Executive Branch

Fire Lloyd Austin

Matt Gluck, Benjamin Wittes
Friday, January 12, 2024, 1:56 PM
We’re sorry he has been ill and wish him a swift recovery. His conduct is not acceptable in a democratic society in which the Pentagon serves a civilian president.
Secretary of Defense Lloyd J. Austin III briefs the press from the Pentagon Briefing Room, Feb. 19, 2021. (DoD Photo by USAF Staff Sgt. Sanders https://www.flickr.com/photos/secdef/50960365597/; CC BY 2.0 DEED https://creativecommons.org/licenses/by/2.0/)

Published by The Lawfare Institute
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Former President Donald Trump ”truthed,” on Monday that Secretary of Defense Lloyd Austin “should be fired immediately for improper professional conduct and dereliction of duty.” 

Calling “shocking and absolutely unacceptable” Austin’s conduct in not announcing his hospitalization either publicly or to the president, Rep. Elise Stefanik (R-N.Y.) stated, “[t]here must be full accountability beginning with the immediate resignation of Secretary Austin.” 

Sen. J.D. Vance (R-Ohio) said in an interview on Fox News, “[w]e have to remember that Joe Biden ran on restoring basic decency and order to the White House….They promised good government,” continuing, “[Austin] absolutely should resign.” 

Sometimes the worst people have a point. And you can count us with Trump, Stefanik, and Vance on this one. Austin has got to go. If he doesn’t resign, President Biden needs to fire him.

Over the last several days, the Department of Defense has admitted that Secretary Austin failed to inform the White House, Congress, and the public in a timely manner that he has prostate cancer, has had multiple procedures to address it, and has twice passed off certain authorities to his deputy over the last month because of his incapacitation.

We have nothing against Austin and wish him the swiftest of recoveries. And we have no brief for the four-times indicted Trump or the noxious political opportunists, Stefanik or Vance.

That said, Vance is absolutely right about the affront to democracy that Austin’s conduct represents. It would be an affront to the presidency and the chain of command under any circumstances. But President Biden is running for reelection based on the rule of law and respecting American democracy. Speaking last week at Valley Forge, one day before the third anniversary of the Jan. 6 attack on the U.S. Capitol, the president said, “our campaign is about preserving and strengthening American democracy.” Biden sought in his speech “to answer the most important of questions. Is democracy still America’s sacred cause?”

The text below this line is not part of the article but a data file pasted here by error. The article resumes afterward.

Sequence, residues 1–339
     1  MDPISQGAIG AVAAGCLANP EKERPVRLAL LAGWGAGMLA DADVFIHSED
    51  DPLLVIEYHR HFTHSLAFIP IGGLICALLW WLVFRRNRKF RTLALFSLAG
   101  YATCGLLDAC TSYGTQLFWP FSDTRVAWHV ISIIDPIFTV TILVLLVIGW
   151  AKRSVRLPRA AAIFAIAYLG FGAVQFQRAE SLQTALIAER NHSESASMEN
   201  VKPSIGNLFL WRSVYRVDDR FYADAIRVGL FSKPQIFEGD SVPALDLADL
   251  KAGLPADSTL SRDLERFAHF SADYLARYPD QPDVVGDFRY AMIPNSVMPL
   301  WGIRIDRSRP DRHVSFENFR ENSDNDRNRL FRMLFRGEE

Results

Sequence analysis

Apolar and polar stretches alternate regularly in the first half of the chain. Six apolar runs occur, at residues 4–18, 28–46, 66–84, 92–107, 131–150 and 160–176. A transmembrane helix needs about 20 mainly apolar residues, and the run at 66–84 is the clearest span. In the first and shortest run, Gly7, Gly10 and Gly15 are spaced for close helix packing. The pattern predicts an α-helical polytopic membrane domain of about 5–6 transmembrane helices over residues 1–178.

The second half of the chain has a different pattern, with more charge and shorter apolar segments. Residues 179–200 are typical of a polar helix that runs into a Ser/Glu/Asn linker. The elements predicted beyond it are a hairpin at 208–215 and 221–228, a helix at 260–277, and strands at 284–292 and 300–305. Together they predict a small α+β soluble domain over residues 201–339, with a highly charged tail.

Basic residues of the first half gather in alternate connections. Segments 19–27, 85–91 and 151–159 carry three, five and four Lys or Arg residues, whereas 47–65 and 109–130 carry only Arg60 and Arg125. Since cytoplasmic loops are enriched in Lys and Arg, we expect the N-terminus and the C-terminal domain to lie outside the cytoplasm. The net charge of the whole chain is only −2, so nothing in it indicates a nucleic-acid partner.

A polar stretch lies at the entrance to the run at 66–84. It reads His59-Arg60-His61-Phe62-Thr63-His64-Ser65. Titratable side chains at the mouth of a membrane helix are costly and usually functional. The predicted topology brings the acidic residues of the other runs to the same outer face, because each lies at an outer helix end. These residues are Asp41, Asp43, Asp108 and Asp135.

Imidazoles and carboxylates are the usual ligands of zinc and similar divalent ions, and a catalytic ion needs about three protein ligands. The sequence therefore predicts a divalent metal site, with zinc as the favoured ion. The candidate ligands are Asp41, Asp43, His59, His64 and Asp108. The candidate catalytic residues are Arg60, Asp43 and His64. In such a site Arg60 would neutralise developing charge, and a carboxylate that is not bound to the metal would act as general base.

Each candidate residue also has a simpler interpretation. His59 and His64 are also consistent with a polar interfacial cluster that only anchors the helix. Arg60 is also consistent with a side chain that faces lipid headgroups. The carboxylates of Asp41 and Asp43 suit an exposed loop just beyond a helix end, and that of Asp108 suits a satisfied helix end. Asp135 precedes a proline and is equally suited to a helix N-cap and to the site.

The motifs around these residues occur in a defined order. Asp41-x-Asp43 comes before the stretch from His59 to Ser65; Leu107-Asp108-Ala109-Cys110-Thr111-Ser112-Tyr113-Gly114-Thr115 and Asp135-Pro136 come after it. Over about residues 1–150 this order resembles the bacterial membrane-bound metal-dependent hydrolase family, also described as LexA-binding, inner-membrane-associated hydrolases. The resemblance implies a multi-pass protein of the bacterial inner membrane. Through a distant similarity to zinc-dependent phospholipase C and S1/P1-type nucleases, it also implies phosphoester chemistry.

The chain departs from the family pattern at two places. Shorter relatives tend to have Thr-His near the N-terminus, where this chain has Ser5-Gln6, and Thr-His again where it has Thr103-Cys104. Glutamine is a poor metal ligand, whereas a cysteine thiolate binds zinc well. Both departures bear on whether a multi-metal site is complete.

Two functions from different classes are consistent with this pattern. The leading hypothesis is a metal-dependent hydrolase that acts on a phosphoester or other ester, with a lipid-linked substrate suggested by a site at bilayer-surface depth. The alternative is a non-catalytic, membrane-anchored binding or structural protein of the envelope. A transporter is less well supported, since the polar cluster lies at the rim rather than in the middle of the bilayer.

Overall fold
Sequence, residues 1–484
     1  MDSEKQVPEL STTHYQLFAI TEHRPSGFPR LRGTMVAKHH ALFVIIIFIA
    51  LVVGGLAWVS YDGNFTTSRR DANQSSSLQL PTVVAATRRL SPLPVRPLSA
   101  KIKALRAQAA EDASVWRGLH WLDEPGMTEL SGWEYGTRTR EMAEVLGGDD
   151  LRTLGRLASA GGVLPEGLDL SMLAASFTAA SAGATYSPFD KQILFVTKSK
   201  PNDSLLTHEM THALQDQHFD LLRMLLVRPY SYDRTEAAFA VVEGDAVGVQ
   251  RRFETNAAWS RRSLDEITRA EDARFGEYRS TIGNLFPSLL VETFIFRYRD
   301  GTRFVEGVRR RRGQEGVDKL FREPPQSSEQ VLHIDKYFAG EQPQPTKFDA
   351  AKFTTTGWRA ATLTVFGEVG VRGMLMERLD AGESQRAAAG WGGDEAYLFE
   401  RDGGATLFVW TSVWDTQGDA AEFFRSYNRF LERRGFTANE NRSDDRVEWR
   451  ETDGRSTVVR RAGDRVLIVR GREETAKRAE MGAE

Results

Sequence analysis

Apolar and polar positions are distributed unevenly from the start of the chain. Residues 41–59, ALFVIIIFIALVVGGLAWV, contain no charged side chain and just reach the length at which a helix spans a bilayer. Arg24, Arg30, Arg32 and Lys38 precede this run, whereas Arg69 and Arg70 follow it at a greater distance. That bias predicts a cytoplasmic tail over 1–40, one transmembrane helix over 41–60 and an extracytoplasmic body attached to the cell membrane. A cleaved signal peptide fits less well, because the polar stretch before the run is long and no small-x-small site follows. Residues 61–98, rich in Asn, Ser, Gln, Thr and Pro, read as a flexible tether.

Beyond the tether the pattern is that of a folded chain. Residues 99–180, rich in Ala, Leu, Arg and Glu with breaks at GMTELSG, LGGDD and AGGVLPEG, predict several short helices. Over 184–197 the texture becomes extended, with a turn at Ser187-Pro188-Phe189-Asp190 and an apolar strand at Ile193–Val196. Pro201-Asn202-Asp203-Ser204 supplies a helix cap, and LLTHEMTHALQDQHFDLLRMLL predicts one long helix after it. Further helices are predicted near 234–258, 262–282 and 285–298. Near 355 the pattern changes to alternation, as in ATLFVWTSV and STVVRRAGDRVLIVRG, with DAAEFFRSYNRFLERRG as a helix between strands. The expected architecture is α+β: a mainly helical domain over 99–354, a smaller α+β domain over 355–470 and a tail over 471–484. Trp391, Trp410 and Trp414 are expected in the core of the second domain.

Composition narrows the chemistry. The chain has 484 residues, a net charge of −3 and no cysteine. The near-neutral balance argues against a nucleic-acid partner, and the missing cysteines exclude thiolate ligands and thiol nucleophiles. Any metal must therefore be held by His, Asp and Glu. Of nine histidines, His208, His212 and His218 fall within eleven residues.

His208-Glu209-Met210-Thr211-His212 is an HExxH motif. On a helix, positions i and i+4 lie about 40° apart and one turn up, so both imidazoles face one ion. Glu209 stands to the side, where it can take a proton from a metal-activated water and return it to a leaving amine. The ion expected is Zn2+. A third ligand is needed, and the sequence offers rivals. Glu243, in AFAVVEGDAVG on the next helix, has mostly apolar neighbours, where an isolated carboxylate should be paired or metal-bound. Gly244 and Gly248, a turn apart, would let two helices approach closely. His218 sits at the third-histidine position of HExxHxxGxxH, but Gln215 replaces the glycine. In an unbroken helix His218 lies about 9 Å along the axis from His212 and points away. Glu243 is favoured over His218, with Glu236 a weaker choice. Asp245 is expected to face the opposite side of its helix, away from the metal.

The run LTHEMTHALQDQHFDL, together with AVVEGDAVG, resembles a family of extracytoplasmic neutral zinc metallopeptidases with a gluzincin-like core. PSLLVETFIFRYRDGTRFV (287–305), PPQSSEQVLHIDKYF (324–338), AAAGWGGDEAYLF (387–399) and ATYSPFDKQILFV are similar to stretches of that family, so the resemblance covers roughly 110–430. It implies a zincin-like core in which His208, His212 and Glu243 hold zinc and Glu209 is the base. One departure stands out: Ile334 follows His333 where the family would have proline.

The secretary of defense having a secret surgery and hospitalization while U.S. forces are in action, keeping the president and the public in the dark about it, and having the Pentagon then mislead the public and release information in dribs and drabs simply cannot be reconciled with that central theme of Biden’s campaign for reelection.

Here are the facts, as we know them, about what Secretary Austin did and didn’t do.

On Dec. 22, according to National Security Council Spokesman John Kirby, Sec. Austin underwent surgery for prostate cancer identified earlier in the month. He had not informed either the White House or the public either of his diagnosis or of the impending surgery. Austin was discharged from the hospital the next day. 

On New Year’s Day, Kirby said, after attending a meeting in the morning about U.S. military activity in the Middle East with the president and other senior officials, Austin began to experience complications from his procedure, including nausea and severe pain in his upper and lower body—according to his doctors. The secretary was then taken by ambulance to Walter Reed Hospital—accompanied by his security detail. On Jan. 2, the Walter Reed doctors said he was moved to the intensive care unit (ICU) “for close monitoring and a higher level of care.” (However, some reporting indicates Austin was moved to the ICU on Jan. 1.) On the same day, Austin transferred “certain authorities”—in the words of Pentagon spokesman Pat Ryder—to Deputy Secretary of Defense Kathleen Hicks, who was then in Puerto Rico on vacation. On the evening of Jan. 5, Austin resumed his full duties from Walter Reed. The secretary left the ICU by Jan. 8; the precise timing remains unclear.

So far, the story is pretty normal. Senior officials periodically have medical issues they must and should address, and subordinate officials are well positioned to fulfill their responsibilities while their bosses are incapacitated. 

What is not normal is for the defense secretary to elevate his desire for secrecy, or perhaps privacy, over his obligation of transparency both to the president and the public.

Apparently aware he would be unconscious when he underwent the planned operation to treat his prostate cancer on Dec. 22, Austin prudently, according to Ryder, “transferred certain operational authorities to Hicks.” But Austin, in what would become a theme over the next few weeks, left at least one important party out of the loop: the White House. And not just for an hour, a few hours, or days, but for two weeks. The White House did not know about this Dec. 22 procedure at least until Jan. 4, and maybe until Pentagon spokesman Pat Ryder revealed it to the public on Jan. 5—in what Ryder called an “elective medical procedure.” It was not until Jan. 7 that Ryder revealed the date on which the procedure had occurred. And, according to Kirby, it was not until two days after that—18 days after the procedure took place—that the commander in chief found out that the surgery was to treat prostate cancer of which Biden was previously unaware that Austin had.